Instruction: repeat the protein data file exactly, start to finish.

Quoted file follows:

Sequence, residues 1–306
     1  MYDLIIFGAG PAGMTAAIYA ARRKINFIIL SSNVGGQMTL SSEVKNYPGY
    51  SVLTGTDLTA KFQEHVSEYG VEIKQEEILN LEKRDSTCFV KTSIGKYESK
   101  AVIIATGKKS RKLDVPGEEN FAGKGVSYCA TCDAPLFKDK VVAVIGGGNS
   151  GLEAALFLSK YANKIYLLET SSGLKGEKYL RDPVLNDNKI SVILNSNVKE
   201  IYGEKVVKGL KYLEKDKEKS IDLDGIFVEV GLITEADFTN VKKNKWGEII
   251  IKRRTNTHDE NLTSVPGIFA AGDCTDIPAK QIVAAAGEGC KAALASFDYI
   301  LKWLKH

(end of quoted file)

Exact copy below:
Sequence, residues 1–306
     1  MYDLIIFGAG PAGMTAAIYA ARRKINFIIL SSNVGGQMTL SSEVKNYPGY
    51  SVLTGTDLTA KFQEHVSEYG VEIKQEEILN LEKRDSTCFV KTSIGKYESK
   101  AVIIATGKKS RKLDVPGEEN FAGKGVSYCA TCDAPLFKDK VVAVIGGGNS
   151  GLEAALFLSK YANKIYLLET SSGLKGEKYL RDPVLNDNKI SVILNSNVKE
   201  IYGEKVVKGL KYLEKDKEKS IDLDGIFVEV GLITEADFTN VKKNKWGEII
   251  IKRRTNTHDE NLTSVPGIFA AGDCTDIPAK QIVAAAGEGC KAALASFDYI
   301  LKWLKH